The image of the Virgin Mary – carved in Braga, in 1920, by the sculptor José Ferreira Thedim and blessed that same year on the 3th of May in the parish church of Fatima, entering the Chapel of the Apparitions one month later – contributed greatly to the Marian devotion in Fatima.

The wooden image in Brazil cedar is 1.10 metres tall and served as a model to thousands of others that have been carved ever since all over the world.

The Catholic press reports – namely the Catholic newspaper Novidades, launched in December 1923 – allow us today to draw several similarities between the pilgrimages of those early years and the current ones.

At that time, just like today, the celebrations of the 13th of May and the 13th of October were dominated by the recitation of the rosary, the pilgrimages on foot in fulfillment of promises, the procession of candles (the night before), the mass, the blessing of the sick people and the impressive farewell to the image of Our Lady with many thousands of scarves flapping in the air.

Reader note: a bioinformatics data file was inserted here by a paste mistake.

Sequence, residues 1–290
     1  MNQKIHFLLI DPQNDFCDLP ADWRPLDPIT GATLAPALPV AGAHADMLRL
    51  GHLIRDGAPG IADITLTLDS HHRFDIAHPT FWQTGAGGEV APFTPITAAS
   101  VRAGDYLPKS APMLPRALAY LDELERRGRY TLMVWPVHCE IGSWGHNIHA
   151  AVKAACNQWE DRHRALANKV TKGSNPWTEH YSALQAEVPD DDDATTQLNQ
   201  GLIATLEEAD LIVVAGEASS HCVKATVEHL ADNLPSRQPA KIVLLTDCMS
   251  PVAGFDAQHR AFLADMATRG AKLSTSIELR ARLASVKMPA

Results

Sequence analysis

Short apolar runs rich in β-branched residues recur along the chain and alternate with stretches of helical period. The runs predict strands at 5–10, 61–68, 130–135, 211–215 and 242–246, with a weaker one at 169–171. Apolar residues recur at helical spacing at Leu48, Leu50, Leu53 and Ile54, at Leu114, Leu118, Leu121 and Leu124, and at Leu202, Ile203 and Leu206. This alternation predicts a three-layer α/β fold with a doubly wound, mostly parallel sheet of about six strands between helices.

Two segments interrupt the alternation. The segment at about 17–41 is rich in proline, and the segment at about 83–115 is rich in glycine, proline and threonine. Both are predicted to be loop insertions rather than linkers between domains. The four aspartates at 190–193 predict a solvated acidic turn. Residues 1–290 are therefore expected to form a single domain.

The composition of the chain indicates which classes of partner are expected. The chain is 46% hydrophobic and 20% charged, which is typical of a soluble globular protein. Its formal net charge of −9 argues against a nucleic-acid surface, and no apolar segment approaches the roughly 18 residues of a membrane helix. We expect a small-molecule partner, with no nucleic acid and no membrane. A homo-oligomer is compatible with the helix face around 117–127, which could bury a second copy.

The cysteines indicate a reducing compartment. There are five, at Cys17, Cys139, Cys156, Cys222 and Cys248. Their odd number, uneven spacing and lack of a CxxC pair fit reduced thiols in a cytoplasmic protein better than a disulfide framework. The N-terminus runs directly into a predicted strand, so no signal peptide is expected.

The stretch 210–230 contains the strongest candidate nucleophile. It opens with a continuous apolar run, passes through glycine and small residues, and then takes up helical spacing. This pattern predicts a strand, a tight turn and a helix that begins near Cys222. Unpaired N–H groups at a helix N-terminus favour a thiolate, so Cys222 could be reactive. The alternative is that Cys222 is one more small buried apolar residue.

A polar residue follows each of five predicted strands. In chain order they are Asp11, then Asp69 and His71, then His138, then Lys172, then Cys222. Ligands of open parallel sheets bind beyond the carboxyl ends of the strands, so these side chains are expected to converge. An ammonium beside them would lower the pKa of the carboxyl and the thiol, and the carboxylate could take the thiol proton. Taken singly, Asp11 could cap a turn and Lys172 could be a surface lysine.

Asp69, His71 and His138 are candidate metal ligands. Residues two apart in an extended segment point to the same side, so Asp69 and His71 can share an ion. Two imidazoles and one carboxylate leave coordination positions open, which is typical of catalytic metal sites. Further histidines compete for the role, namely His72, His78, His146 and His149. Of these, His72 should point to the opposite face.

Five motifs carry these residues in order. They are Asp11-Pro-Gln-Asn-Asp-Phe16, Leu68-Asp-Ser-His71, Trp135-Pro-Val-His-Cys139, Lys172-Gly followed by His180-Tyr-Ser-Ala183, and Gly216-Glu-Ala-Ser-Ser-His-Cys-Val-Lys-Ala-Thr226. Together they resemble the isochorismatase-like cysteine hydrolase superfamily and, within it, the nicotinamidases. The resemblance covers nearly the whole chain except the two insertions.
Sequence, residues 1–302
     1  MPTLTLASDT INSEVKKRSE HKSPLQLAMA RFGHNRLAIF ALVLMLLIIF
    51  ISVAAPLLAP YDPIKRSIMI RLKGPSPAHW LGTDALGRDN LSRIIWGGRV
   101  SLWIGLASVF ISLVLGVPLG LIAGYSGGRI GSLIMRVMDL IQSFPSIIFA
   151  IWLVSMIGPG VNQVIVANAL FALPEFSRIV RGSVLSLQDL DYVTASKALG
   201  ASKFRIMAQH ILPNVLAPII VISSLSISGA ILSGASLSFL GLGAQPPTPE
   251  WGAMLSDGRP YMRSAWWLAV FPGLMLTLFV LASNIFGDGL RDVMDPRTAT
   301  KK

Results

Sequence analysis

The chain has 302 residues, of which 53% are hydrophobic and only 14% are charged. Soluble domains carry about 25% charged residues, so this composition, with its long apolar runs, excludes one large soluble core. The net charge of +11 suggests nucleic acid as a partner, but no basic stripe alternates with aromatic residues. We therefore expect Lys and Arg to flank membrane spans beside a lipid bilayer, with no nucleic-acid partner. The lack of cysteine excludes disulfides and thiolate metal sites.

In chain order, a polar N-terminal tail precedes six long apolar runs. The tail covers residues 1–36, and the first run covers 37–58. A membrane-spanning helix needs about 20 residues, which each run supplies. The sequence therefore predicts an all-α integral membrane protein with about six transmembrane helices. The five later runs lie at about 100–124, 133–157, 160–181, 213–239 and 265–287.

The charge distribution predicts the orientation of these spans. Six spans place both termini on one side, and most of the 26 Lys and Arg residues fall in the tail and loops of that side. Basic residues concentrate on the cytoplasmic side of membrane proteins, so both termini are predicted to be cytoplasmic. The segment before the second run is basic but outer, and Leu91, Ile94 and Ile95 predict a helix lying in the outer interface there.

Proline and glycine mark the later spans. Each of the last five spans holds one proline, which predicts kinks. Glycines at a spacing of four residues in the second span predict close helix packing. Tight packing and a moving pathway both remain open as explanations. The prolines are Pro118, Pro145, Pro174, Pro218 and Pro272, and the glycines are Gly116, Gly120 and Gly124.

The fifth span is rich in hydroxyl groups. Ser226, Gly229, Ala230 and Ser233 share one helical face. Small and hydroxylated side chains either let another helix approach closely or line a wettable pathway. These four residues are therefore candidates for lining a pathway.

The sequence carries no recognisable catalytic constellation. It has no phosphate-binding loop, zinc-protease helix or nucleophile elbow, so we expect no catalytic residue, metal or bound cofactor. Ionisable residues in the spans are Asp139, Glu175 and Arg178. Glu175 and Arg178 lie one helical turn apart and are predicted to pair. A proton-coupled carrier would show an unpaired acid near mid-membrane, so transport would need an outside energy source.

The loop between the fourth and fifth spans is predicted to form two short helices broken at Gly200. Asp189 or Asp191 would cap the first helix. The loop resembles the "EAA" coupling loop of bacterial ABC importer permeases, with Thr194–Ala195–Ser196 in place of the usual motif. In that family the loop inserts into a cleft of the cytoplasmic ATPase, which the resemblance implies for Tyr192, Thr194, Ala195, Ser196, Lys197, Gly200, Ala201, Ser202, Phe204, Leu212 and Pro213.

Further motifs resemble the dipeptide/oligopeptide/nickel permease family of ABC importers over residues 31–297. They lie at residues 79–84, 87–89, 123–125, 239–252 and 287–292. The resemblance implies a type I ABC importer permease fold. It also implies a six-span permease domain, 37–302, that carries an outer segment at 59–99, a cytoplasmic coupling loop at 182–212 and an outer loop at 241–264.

At the time, the only thing missing was the building of the basilica, which began to be erected in 1928, with the first stone being blessed by the Archbishop of Évora even before the ecclesial recognition of the apparitions of Fatima. It would only be solemnly inaugurated in 1953.



The restoration of the Diocese of Leiria by Pope Benedict XV on the 17th of January, 1918 was a keystone in the process of Fatima. It had been abolished in 1882.

On the 15th of May, 1920, the diocese begins to have a titular bishop: D. José Alves Correia da Silva – who would remain in that function until his death, in December 1957. This prelate was essential to the recognition of the apparitions of Fatima, in which he always believed.